A blog about my travels around the world, in search of wild parrots, great paddling opportunities and incredibly eclectic travel experiences, I try to make a difference by connecting people with nature, people with other cultures, and people with themselves by sharing my stories.
Wednesday, June 15, 2016
Solitude among the woods and waters of Nova Scotia
Morning mist on Mersey River.
There it was again. We had no idea what was making
the noise 30 metres from our campsite, and we were not entirely certain we
wanted to find out.
"It's probably a bear hunting for frogs," I said,
hunkering down deeper in my sleeping bag.
"Bears don't eat frogs!" my companion replied from
deep in her own sleeping bag.
"Do not! Might be a moose, though."
"This isn't moose habitat! It's probably a bear …
As it turned out, we were both right - sort of. Later research revealed that black bears do
indeed eat frogs. However, it was not a hungry bear on the prowl for the
delicacy of frogs' legs. It turned out to be a bird - probably an osprey -
diving for fish in Channel Lake's waters.
Channel Lake is part of a chain of waterways in the
northwest corner of Kejimkujik National Park. Located in south-central NovaScotia, "Keji" is the only national park in the Maritimes completely
surrounded by land, although there is a seaside adjunct apart from the park's
This 403-square kilometre island of wilderness is home to more than
100 species of birds; mammals such as deer, porcupine, moose - and yes, bear;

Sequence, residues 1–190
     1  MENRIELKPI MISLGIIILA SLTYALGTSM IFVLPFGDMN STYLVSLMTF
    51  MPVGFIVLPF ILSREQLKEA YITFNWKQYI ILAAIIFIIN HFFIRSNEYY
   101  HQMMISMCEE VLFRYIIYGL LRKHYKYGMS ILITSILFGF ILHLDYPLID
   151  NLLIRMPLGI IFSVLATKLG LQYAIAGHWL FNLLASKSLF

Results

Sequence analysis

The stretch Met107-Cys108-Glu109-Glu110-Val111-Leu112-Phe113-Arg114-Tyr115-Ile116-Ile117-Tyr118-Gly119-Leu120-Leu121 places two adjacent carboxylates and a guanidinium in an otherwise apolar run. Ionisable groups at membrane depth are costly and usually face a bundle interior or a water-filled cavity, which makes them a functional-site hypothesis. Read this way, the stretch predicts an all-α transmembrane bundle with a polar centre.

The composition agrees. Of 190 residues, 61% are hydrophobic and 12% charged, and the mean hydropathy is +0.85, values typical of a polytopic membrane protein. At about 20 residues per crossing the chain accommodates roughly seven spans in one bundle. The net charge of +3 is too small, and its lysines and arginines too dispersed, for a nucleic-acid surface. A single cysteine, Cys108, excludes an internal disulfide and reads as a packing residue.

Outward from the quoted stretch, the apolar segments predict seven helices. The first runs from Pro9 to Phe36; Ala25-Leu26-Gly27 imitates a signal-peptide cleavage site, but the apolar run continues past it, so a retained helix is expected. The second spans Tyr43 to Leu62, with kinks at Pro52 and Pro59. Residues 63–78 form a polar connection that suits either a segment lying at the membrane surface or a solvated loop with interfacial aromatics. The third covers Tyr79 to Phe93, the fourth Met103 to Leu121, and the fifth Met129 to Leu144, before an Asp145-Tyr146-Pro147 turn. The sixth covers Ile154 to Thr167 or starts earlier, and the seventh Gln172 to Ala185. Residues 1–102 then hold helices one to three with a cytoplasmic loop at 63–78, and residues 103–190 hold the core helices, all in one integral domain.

and a variety of tree species, including oak, maple, hemlock, spruce and pine.
Sunset on Channel Lake
One of the best ways to experience the park is by canoe, on
routes north or south of the large lake that gives the park its name. We paddled
north of Kejimkujik for five days - partially following the route paddled by Albert Bigelow Paine in his book, The Tent Dwellers - through Big Dam Lake, Frozen Ocean Lake and
Channel Lake before paddling back onto the main lake.
Because we paddled the park in early August - peak holiday
season - we were surprised that three days passed without sight of another
The first people we did see were two park rangers, performing routine
backcountry campsite maintenance.
That's not to say we were lonely.
Prickly Porky on the move
Porcupines, barred owls,
deer and chipmunks visited our campsites.
Paddling down the quiet waters of
Still Brook, LittleRiver and West River, we encountered herons, a painted
turtle, frogs, a mother loon and her baby, and a merganser family.
The unexpected solitude was a true gift.
On our last night
on the big lake, a lone loon swam past our Moose Island campsite, wailing her
trademark cry, as if to say,"Farewell!" from the wilderness,
eliciting a prayer of thanks from my own mouth.
(This story was originally published in the Summer 2001 edition of Ski Canada's Outdoor Guide.)
Post script: There's much more to the park than canoeing. It's also a national historic site, as this video shows.